What almost nobody who hasn’t actually seen Aelita knows is that those elaborate scenes on Mars are not part of the story reality; they’re simply the dreams (or Walter Mitty-esque daydreams — though this movie was made 15 years before James Thurber wrote “The Secret Life of Walter Mitty”) of the film’s male lead, Engineer Loss[1] (Nikolai Tsereteli). Loss is out of town a lot — he lives in Moscow with his wife Natasha (Valentina Kuindzhi) but he’s frequently away for months on end fixing up power plants that had been destroyed or damaged during the four-year civil war that followed the 1917 Revolution. While he’s out of town — and actually even while he’s in town — Natasha is being cruised by Viktor Ehrlich (Pavel Pol), a former Tsarist official who got a position on the ration board set up by the Bolsheviks and is using that job to steal necessities like sugar and sell them on the black market. (It’s a fascinating irony that according to this film, made just seven years after the Revolution, Tsarist officials are shown worming their way into the Soviet bureaucracy and using their positions to profiteer. That also happened at the end of the Soviet Union, as the nomenklatura who had been running the state-owned enterprises often grabbed them for far less than they were worth when the post-Soviet Russian government privatized them, thereby becoming the super-rich, super-powerful “Oligarchs” who bedeviled both Mikhail Gorbachev and Boris Yeltsin until Vladimir Putin finally started having them arrested and/or driven into exile.) There’s a Mrs. Ehrlich (N. Tretyakova), but we see very little of her and in any case Mr. Ehrlich is not about to let her existence get in the way of his attempts to seduce Natasha, which include plying her with gifts from his black-market connections and taking her to secret dances and parties where his 1-percent buddies hang out and enjoy such forbidden pleasures as caviar and wine — even though there’s a great scene where one of the guests at Ehrlich’s party spits out the wine and says, “This is just vinegar! Now in the old days … ” and director Yakov Protazanov dissolves to some shots of what it was like in the old days, with him and his cronies in a spectacular mansion, wearing fancy clothes and living it up while the proletarians and the peasants suffer.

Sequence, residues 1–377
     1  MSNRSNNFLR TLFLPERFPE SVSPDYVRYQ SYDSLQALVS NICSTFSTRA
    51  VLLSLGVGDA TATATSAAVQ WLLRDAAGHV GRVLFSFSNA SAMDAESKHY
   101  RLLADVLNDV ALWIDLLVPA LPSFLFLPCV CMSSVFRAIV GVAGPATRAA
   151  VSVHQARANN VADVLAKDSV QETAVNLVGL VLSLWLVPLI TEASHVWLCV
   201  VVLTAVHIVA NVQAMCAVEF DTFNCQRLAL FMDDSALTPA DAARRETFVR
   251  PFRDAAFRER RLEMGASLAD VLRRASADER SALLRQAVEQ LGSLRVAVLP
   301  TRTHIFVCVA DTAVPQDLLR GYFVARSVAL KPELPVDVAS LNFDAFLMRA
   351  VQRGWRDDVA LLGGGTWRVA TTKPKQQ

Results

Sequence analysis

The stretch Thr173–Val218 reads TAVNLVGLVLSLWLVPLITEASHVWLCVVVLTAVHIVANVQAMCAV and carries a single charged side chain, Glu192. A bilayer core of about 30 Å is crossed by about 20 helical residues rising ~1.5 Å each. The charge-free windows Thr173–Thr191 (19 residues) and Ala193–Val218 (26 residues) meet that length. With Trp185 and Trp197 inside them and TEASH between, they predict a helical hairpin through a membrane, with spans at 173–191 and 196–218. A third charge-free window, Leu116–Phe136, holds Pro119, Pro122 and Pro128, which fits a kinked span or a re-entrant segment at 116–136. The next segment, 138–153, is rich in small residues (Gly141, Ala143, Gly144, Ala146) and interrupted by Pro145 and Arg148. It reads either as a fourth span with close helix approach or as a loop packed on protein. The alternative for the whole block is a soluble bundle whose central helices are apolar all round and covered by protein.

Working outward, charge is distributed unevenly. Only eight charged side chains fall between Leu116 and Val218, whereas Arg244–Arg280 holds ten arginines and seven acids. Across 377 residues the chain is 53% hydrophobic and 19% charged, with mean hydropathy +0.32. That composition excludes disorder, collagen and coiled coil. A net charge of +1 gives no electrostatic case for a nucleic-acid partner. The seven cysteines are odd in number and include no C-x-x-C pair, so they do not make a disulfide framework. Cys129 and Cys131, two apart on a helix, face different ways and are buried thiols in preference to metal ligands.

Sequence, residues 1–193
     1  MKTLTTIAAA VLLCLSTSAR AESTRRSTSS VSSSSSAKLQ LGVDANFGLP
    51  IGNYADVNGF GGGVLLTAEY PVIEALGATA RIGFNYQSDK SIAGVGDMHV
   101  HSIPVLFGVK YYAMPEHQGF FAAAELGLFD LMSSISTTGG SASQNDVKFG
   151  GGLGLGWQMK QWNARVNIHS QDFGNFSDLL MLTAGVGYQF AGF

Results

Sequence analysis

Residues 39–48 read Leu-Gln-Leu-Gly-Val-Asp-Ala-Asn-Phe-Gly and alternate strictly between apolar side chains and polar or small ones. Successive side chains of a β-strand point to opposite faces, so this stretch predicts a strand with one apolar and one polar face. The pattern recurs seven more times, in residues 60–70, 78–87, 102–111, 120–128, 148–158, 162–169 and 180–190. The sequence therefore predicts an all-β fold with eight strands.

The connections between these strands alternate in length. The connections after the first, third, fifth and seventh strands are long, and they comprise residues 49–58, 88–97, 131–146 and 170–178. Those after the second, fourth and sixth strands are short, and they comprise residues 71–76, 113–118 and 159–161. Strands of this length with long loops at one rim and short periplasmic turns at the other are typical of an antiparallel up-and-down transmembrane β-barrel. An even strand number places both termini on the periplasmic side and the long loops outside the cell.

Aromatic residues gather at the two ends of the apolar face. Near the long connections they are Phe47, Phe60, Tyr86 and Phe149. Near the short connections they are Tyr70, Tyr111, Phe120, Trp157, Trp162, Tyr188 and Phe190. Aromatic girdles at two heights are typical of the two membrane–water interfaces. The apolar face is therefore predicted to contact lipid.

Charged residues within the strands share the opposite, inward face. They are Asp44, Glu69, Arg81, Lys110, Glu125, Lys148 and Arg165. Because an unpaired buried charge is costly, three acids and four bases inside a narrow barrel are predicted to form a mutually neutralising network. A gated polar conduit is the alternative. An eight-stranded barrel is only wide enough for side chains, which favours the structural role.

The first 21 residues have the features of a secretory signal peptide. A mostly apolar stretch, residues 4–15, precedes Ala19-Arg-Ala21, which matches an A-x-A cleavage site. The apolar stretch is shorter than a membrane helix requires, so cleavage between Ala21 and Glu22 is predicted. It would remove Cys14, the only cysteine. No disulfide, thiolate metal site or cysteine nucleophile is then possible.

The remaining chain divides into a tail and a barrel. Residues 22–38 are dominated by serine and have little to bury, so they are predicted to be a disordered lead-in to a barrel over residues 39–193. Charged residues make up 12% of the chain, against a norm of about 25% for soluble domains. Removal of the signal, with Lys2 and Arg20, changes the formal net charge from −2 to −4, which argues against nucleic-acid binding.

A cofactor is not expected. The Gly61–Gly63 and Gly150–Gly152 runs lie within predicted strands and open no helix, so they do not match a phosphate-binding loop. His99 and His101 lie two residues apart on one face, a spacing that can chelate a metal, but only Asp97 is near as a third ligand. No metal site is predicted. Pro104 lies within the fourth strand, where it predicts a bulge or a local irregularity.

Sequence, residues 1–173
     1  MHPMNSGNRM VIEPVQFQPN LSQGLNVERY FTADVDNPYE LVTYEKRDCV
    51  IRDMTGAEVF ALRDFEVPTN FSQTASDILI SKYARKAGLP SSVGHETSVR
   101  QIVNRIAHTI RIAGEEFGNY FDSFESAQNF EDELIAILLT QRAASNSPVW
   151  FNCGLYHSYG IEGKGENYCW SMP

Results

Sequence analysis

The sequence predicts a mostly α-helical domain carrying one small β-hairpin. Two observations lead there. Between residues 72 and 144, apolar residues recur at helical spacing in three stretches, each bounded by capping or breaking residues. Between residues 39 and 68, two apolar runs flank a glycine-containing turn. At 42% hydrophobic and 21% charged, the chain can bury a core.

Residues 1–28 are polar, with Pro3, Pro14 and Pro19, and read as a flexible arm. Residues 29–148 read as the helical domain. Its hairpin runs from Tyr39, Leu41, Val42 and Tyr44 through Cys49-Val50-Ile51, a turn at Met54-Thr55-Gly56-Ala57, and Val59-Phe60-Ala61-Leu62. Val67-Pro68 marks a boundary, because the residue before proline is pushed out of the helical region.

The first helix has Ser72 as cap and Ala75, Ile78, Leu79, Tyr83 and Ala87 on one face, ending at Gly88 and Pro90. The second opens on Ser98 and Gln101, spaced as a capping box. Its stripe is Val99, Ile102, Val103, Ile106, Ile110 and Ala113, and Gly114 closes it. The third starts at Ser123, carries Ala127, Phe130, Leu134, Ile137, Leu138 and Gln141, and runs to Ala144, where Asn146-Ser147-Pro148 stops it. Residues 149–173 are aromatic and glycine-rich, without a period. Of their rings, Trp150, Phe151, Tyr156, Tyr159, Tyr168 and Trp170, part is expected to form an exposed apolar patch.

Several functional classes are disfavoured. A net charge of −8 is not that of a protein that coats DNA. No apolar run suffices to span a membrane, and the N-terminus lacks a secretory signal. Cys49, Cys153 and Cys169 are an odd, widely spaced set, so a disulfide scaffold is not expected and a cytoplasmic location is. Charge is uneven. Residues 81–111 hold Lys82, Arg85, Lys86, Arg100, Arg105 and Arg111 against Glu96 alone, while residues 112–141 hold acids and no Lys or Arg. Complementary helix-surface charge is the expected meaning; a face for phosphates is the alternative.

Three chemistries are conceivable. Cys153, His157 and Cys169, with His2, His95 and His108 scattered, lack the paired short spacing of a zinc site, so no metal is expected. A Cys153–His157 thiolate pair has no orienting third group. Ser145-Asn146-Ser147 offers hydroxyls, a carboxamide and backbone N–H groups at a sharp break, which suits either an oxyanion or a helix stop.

What’s fascinating is that, even though there must have been some propagandistic intent behind Aelita, it doesn’t become obvious or preachy until the last reel; instead Protazanov and his writers (Aleksei Fajko and Fyodor Ozep, who later became a director himself, discovered Anna Sten and cast her in a German-language adaptation of The Brothers Karamazov which caught the eye of Sam Goldwyn and led him to sign her to a U.S. deal, adapting a novel by Aleksei Tolstoy, a distant relative of Leo Tolstoy who became a popular novelist in the Soviet Union) are quite unsparing in their depiction of the privations the central characters are going through and the bizarre bureaucracy that guides their lives. The descriptions of life in Soviet Russia in the early 1920’s tally with what I’ve read in novels as diverse as Ayn Rand’s We the Living and Boris Pasternak’s Dr. Zhivago, and at least one scene — in which Loss is solemnly informed that he’ll have to give up the second room he has in the attic of his boarding house (which he’s been using for scientific experiments to perfect a rocket fuel that will overcome earth’s gravity and get him to Mars) because another tenant who doesn’t have a home at all needs it — couldn’t help but remind me of Mel Brooks’ marvelous sendup of the early Soviet bureaucracy in his little-known film The Twelve Chairs. It also reminded me of George Orwell’s 1984 and in particular his acid comment that the state of life in Oceania was like “a besieged city, where the possession of a lump of horseflesh makes the difference between wealth and poverty.” It’s fascinating that a film whose reputation is as an early science-fiction effort should be more interesting when it takes place on earth — and particularly Moscow — in its own time, but the science-fiction elements take place only in the mind of Loss, who to overcome his personal frustrations — especially his romantic ones — has invented this elaborate fantasy of Aelita; her father Tuskub (Konstantin Eggert), the king of Mars; and a heavy-duty class struggle in which the Martian workers are literally kept in suspended animation, frozen on ice in great refrigerators, so they don’t have to be paid when their services are not needed. The scenes of class oppression and struggle on Mars so closely parallel the ones on Earth in Fritz Lang’s Metropolis, made three years later, it seems almost certain Lang and his scenarist (and then-wife) Thea von Harbou had seen Aelita and were deliberately ripping it off. At the same time the influence between Russian and German filmmakers probably went both ways because the stylized sets of Aelita can’t help but recall The Cabinet of Dr. Caligari — a film which was just five years old when Aelita was made and was influencing filmmakers all over the world.